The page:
In any other late November in the past 18 years, the Washington volleyball team would have been finishing up its Pac-12 season and gearing up for the NCAA tournament.

This, of course, is no ordinary year, and the Huskies haven’t played a match in 2020 — their season postponed because of COVID-19.

But that hasn’t stopped the Huskies from practicing this fall, and the hope is that the Pac-12 can have a 22-game conference-only schedule tentatively slated to start Jan. 22, 2021, (some conferences are already playing), with the NCAA tournament scheduled to take place in April.

UW coach Keegan Cook said having that to look forward to – no matter how tentative things are – has given his team a mental boost.

“I think it was hard in August, if I am being honest,” said Cook, whose team has reached the Elite Eight three times in the past five seasons. “It was harder when we were in a space of, ‘We don’t know, wait and see.’ Having a fixed point helps. So now that there is a tournament set and there is a first match date, it does give you something to point your efforts to. It’s a lot better than it was in August.”

If the season goes off as planned, the Huskies will be among the favorites to win the NCAA tournament after losing just four seniors (on the 16-player roster) from last year’s team that lost to top-seeded Baylor in the Elite Eight.

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Cook, who is 132-36 in five seasons as head coach at UW, said the Huskies are using about 16 of the maximum 20 hours a week that are allowed for practice, film study and weightlifting.

A big element of normal practices – blocking at the net – has been taken away because of Pac-12 protocols for COVID-19 that Cook said are the safest of any conference in the country. The Big Ten, which is also not playing matches this fall, is allowed to practice at the net, Cook said.

“The equivalent in football might be if there were no offensive and defensive line,” Cook said. “We really value (blocking), we spend a lot of time on it, and now it has been taken away from us to some degree so it’s been a challenge for a team that celebrates being physical at the net.”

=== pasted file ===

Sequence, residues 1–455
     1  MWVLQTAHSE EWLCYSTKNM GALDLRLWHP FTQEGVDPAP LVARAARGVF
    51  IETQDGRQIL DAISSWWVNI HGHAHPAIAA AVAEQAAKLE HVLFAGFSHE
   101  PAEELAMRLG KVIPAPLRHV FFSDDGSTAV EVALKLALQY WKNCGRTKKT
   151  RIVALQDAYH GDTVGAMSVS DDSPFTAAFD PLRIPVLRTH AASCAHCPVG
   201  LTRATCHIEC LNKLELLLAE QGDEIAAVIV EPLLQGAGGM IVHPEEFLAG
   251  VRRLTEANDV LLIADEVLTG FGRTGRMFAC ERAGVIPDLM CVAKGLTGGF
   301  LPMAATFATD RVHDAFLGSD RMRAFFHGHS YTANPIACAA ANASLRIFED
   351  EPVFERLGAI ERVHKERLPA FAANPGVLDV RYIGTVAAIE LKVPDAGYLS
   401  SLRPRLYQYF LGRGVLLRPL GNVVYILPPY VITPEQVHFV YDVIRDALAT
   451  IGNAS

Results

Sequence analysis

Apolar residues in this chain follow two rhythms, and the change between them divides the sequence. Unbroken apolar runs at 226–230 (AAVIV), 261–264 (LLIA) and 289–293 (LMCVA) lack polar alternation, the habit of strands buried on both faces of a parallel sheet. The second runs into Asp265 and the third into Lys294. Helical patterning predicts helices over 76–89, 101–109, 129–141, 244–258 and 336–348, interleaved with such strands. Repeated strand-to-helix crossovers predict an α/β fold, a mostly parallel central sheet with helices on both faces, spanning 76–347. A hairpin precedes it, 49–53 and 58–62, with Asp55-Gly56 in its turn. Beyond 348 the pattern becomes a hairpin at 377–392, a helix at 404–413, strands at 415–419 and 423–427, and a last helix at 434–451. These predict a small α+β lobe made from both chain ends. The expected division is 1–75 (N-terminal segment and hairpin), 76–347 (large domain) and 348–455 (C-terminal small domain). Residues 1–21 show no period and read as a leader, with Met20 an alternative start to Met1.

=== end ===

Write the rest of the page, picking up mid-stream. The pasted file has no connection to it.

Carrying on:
Cook said the team has spent much of its practice time working on serving, ball control and passing. Three of UW’s primary service returners graduated, and the coach said, “We knew we would need to spend a lot of time in that area, because we are forced to, and it’s worked out in that sense.”

Cook said his players are being tested for COVID-19 at least once a week, and daily tests will begin in January when matches are set to start.

“They must have a deep passion for what they are doing if they are willing to navigate a whole new set of rules and restrictions and protocols for them to have that privilege of walking through that door and working on their craft,” Cook said, when asked what he has learned about his team during the pandemic. “They are flexible and they are able to overcome obstacles that no student-athlete before them has seen, and I think that is a credit to them.”

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Cook said he was surprised, but happy, when it was announced that the upcoming season will not count against players’ eligibility. He expects many of the seniors on this year’s team to return for another season.

Maybe that’s not surprising, as his players have already proved they are willing to go through more obstacles in order to play.

“I am always impressed by the resilience of young people, and this year more than ever, with what they’re willing to accept in order to have that opportunity to play,” Cook said.